“Trust is the glue of life. It’s the most essential ingredient in effective communication. It’s the foundational principle that holds all relationships.” Stephen Covey, educator & author
Trust: Why Does It Matter?
In today’s dynamic economic world, trust among business leaders and employees is crucial for success—both for the company’s performance and employee satisfaction. Without trust in the workplace, employers risk rising attrition rates, low performing teams, and difficulty recruiting new customers and employees.
Research shows that employees who trust their leadership are less likely to quit, they tend to believe information from their leaders, and they seem to commit to company decisions more than if they don’t trust their leaders as much. As the “great resignation” continues to pull workers away from unsatisfying jobs, employers are struggling to attract and retain the right candidates.
Complicating matters is the ever-present need to reskill and upskill the workforce. As employers struggle to help employees adapt their skills to changing technologies, or learn new skills that improve performance, there must be trust in the process—both that jobs will be available for newly skilled workers and that the company’s investment in employees will pay off.
It is vital that trust is prevalent throughout the corporate culture. Focusing on trust can require shifts in mindset, both among employees and leaders, and it takes a thoughtful, strategic approach to generate real trust in the workplace. Why invest the time and energy in improving trust when nothing feels truly broken?
Improves Employee Performance
Here’s why it matters. Employees who trust their leaders may feel more committed, more satisfied, and more likely to stay and grow with their current companies, research suggests.
A 2017 article in The Harvard Business Review, “The Neuroscience of Trust”, people working at high-trust companies report “74% less stress, 106% more energy at work, 50% higher productivity, 13% fewer sick days, 76% more engagement, 29% more satisfaction with their lives, [and] 40% less burnout.”
Trust matters at the corporate level, but it’s no less important between employees and their supervisors. Those who trust their immediate boss have higher job satisfaction, more commitment to the company, and feel they are treated more fairly in processes and decision making.
Google’s study on what makes their teams successful found that the number one factor for team success is psychological safety—whether team members feel comfortable sharing new ideas. Team members must trust that their peers and managers will listen to their ideas in order to be vulnerable, suggest new pathways, and take risks.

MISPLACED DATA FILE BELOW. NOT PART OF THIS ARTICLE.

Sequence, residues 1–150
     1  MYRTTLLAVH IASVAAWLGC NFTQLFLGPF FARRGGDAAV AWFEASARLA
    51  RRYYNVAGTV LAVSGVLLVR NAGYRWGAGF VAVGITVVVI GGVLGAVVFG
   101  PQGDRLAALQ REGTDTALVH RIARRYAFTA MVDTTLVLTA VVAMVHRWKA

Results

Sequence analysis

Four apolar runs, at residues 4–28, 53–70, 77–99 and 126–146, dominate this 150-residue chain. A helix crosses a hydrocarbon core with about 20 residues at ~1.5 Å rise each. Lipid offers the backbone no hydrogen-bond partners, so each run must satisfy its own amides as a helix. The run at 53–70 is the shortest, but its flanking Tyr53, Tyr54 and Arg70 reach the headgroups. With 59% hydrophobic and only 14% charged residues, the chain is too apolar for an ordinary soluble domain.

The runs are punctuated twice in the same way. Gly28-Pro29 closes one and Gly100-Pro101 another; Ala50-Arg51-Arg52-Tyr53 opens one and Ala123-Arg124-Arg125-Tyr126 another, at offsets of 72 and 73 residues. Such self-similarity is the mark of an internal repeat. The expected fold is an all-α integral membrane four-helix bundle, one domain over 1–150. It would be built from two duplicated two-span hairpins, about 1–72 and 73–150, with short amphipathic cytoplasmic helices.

It also cited dependability as a core need for team success—whether members can trust each other to get the job done and perform at high quality. When one member isn’t performing up to the same level, it erodes trust and threatens performance.
Forbes reported that trust encourages employees to ask questions, creates goodwill, minimizes miscommunications, and encourages innovation, among other positive outcomes.
Trust in leadership helps organizational change because it can create a collaborative environment where people share their knowledge and bring bold new ideas to the table. Risky ideation requires trust—those colleagues will support them, and leaders will listen to them.
Defining Trust in the Pandemic
PricewaterhouseCoopers’ August 2021 Trust in Business survey of 500 business leaders and 1000 consumers found some good news: 80% of employees trust their company the same or more now than before the COVID-19 pandemic.
Employers and employees both rank four elements at the top of the list for creating a trusting work environment: data protection and cybersecurity, treating employees well, ethical business practices, and admitting mistakes. Past these four priories, divergences grow. Business leaders are more likely to rank elements that relate to broader social impact in their definition of trust, while employees value holding leadership accountable.
Creating Trust in the Workplace
All research suggests that employees’ trust in their employers is based on mutual care and concern. When trust is there, employees feel more committed to the company, believe the organization supports them more, and trust company leadership fairly allocate resources, treat others well, and follow procedures transparently.
As we embark on a rapidly changing employer landscape in 2022, renewing the focus on creating & sustaining trust must be a priority to move forward. Wondering how? The next article in this series on trust will address how leaders can build trust among their employees and teams for everyone’s benefit.